On 18 October 2017, David Chan, an intern at Royal NIOZ, presented a poster in the HKU Science Undergraduate Research Poster Presentation, at The University of Hong Kong. The poster is titled Site fidelity of shorebirds fuelling in China, and focuses on two species of shorebirds, Bar-tailed Godwits and Great Knots, along the China coast.
Using banded individuals with colour rings and engraved flags, we showed that Bar-tailed Godwit individuals are more loyal to the same stopover site than individual Great Knots. For more details, please check the poster on ResearchGate.
This analysis is an important first step to understand how shorebirds are affected by habitat loss in their staging sites. In a previous paper in Wader Study, we demonstrated that the main habitats of Bar-tailed Godwits in the south Yellow Sea coast in Jiangsu Province, China, are planned to be reclaimed. As Bar-tailed Godwits are shown to be loyal to their staging site, it is unlikely that individuals can redistribute to other staging sites. This further strengthen our argument that ‘loss of habitats equals loss of birds’.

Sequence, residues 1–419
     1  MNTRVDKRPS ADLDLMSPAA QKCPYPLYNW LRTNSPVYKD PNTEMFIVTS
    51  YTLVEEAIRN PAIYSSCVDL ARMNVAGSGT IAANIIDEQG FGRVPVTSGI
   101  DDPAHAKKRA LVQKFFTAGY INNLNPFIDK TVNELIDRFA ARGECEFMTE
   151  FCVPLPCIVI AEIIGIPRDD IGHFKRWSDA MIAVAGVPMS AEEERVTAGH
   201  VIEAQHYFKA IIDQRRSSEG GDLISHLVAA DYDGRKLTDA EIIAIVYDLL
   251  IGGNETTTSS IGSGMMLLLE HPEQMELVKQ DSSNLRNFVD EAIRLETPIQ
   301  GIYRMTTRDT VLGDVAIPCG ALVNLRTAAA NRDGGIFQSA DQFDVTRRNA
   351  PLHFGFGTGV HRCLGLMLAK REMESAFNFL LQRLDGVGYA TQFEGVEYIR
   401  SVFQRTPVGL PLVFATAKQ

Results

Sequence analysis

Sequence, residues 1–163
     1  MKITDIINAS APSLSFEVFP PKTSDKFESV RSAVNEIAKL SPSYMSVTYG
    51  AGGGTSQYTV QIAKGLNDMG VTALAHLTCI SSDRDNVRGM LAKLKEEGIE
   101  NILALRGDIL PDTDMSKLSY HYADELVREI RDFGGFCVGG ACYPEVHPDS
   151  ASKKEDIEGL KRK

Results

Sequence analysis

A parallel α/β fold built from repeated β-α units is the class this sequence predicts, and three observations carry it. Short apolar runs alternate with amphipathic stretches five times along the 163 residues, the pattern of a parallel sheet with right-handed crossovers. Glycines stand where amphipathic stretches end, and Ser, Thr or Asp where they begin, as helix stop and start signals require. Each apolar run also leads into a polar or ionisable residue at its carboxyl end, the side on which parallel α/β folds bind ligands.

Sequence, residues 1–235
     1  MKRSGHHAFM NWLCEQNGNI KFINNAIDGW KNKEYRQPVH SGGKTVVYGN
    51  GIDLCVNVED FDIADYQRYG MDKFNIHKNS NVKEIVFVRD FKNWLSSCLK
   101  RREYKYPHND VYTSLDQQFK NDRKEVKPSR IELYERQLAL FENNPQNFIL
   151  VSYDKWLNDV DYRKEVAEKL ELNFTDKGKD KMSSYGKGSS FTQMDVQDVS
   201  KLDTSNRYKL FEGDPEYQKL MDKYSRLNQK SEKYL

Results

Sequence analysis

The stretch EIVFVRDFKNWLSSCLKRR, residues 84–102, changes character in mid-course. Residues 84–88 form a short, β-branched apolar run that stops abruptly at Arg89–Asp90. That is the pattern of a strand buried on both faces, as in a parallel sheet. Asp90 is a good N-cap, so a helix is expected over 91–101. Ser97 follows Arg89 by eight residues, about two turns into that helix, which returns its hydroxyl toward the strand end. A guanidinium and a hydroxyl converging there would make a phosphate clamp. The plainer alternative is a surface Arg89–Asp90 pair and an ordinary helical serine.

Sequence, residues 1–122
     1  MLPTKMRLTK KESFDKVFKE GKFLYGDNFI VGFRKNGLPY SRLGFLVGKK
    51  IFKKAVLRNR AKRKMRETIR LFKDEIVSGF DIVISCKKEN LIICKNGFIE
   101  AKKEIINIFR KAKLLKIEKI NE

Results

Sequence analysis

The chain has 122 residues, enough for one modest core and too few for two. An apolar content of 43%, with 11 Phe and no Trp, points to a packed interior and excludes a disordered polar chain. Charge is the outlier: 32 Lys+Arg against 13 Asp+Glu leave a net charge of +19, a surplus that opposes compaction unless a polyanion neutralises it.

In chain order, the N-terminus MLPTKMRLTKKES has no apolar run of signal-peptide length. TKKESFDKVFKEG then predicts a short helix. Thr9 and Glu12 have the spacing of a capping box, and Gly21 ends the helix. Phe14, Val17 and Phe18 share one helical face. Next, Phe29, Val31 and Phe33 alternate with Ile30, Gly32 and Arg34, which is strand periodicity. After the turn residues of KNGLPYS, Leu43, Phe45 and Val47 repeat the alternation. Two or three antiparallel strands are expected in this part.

Theunis Piersma, Ying-Chi Chan, Tong Mu, Chris J. Hassell, David S. Melville, He-Bo Peng, Zhijun Ma, Zhengwang Zhang, David S. Wilcove (2017). Loss of habitat leads to loss of birds: reflections on the Jiangsu, China, coastal development plans. Wader Study 124: 93-98. doi: 10.18194/ws.00077
The Global Flyway Network team, consisting of Chris Hassell, Adrian Boyle, Bob Loos, and Theunis Piersma report the findings from the 2017 field work. Chris: “Unfortunately but not unexpectedly, results were similar to those of 2016: the Red Knot that spend the non-breeding season in north west Australia (NWA) arrived at the Luannan Coast in much lower numbers than in previous years and earlier in the season.”
The Luannan coast of Bohai Bay is vital for Red Knots
In summary the GNF team consisting of Chris Hassell, Adrian Boyle, Bob Loos, and Theunis Piersma recorded 2,765 marked shorebirds from throughout the East Asian-Australasian Flyway (EAAF) compared to 3,554 during the 2016 field work season. This year 295 birds were individually recognizable from the Global Flyway Network (GFN) colour-banding project in NWA. This is exactly the same number as in 2016. This was of course dominated by Red Knot Calidris canutus with 269 individuals identified, then Great Knot Calidris tenuirostris with 22 and Bar-tailed Godwit Limosa lapponica with 4. As in previous years, this reflects the vital importance of the area for Red Knots from NWA.